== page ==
I stopped at a Starbucks in Hanover, MD. I noticed a big store called "Outdoor World" across the road. I'd never heard of "Outdoor World" and decided to check it out.
"Outdoor World" is an outdoors superstore. Hunting, camping, backpacking, fishing, and riflery are its main themes. But it's more than just a superstore....
The first thing you notice are the elaborate dioramas. Meticulously detailed, illuminated dramatically, and towering over you at every shirt rack, these stuffed-animal displays are on par with The Museum of Natural History.
Below is a diorama I couldn't really figure out. While most of the dioramas depicted animals in the wild or hunters stalking these animals, this one is just of some poor schmoe plunging through a crappy bridge. ("Outdoor World" doesn't sell bridges. Maybe that's the point.)
There was also this airplane.
In the marine section there was an enormous aquarium where you could watch employees feed the fish.
In the children's section I found this awesome toy set. I'd have loved this as a kid. The Jeep, ATV, hunter, rifle, and buck are mediocre, but there's a CLOTH TENT! That tent would have been a real jewel. It would have become a mainstay in every action figure set-up, from He-Man to GI Joe. Oh well.
There was a target range kind of like what you'd see at a carnival.
In the camping area there was the most comprehensive cooler selection I've ever seen.
Dead center in "Outdoor World" is a functional climbing wall. Well, one side is functional; the other is a diorama of a moose getting sprayed in the face by a skunk (while standing on a waterfall with real flowing water).
Last but not least, there were many displays of the "Butt Out" tool. This barbed, plastic anchor extracts the rectum of a deer, as the instructions explain. There were many "Butt Out" displays, not just one, spread out around the store. Maybe it's considered a good stocking stuffer.
I needed to shower and do laundry, and with Thanksgiving / Black Friday I was skeptical about parking overnight at Walmart. So I decided to cough up the dough and spend a night at an rv park in Abingdom, MD. I figured that in addition to the amenities it would make for a good blog entry, as I'd never been to an RV park before.
Here's a curiosity: the dump system. I watched some guy back up his monstrous Class-A and cautiously link his black tank to this little hole in the ground. It didn't take long to empty. Then he packed it up and drove off.
This RV park advertises that it's anti-activity. I guess other RV parks have big dinners and parties and whatnot. You're on your own at this place. Still, there was this pool for warmer weather, as well as numerous little docks, benches, and the "Wilderness Trail".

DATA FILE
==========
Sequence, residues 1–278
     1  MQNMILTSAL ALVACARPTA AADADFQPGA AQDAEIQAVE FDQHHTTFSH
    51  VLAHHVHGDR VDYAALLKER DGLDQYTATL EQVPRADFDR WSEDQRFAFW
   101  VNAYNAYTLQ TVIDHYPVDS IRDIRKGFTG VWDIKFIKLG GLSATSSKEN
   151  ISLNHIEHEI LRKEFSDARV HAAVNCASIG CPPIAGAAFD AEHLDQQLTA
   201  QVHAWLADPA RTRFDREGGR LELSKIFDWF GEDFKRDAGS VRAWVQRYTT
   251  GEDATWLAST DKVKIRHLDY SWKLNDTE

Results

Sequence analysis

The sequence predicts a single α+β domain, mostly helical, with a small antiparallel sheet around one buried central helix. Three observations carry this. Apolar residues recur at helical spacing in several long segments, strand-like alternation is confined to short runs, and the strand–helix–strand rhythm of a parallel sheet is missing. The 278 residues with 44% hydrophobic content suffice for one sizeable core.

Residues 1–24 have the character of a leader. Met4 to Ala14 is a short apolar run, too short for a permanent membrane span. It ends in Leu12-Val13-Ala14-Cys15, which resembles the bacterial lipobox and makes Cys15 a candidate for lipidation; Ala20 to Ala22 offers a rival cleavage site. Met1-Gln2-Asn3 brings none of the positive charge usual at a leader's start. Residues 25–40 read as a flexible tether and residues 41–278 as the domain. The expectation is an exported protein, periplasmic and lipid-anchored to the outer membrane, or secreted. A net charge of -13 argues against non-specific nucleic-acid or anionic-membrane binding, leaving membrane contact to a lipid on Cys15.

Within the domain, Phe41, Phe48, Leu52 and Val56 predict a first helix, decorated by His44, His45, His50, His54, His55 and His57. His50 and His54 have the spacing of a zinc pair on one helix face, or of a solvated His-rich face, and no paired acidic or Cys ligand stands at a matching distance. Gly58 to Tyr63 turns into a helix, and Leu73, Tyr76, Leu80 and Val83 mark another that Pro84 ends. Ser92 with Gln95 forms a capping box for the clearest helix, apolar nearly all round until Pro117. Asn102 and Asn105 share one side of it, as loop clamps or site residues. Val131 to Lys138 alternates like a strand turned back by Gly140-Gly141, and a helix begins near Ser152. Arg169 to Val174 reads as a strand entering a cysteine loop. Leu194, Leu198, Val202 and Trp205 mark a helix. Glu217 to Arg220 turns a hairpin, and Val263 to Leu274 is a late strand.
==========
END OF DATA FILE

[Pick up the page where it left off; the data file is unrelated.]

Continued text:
Below is the van in my space. For once, the van was the smallest vehicle around. Everybody else had enormous trailers or Class-As (enormous by my standards, at least).
It was $46 for that space. Since I couldn't use the hook-ups, that's a rip-off. I asked the desk if I could get a discount for not using the hook-ups. No, they said, but there is a 5% discount for paying cash. This was a nice park and the owners seemed like nice people, and I don't blame them in particular; all RV park rates, across the board, suck. It's what drives people into Walmart parking lots. If you're the owner of an RV park, why not just have a crappy overflow lot, $5 - $10 a night, for folks who can't afford / don't want hook-ups?
It WAS, however, glorious to take a warm shower, shave, and do my laundry.
The park also featured wireless internet. But since I arrived on Thanksgiving, the office was closed, and I couldn't find out the password. I asked another camper and he gave me a password which was completely wrong. Oh well.
Each site had a firepit. My Thanksgiving dinner consisted of 4 grilled veggie burgers and 3 beers, eaten while I watched Lord of the Rings on my laptop. Then I finished the movie and ran out of propane for my Coleman lantern. It got very dark in the van.
A little bit later in the night, the family in the next site over started building an enormous chimney fire. It was 5' tall. I guess they saw me staring at it enviously because they invited me over for beer and steamed oysters. It was a good Thanksgiving.
Cape May State Park - the southern most tip of NJ. There is a WWII bunker, a lighthouse, and a trail for raptor-watching. South Jersey continues to impress me with its oddball scenes and quirks, as I tried to capture in the following photos...
The famous Cape May lighthouse. And the van in the lot.
I camped for the past 3 days in the Pine Barrens of NJ, at Wharton State Park. This time of year the grounds are essentially deserted. Camping is cheap ($2 a night) and the trails are flat but interesting.
The bike was put to use for traveling between the campsite and the hiking trails.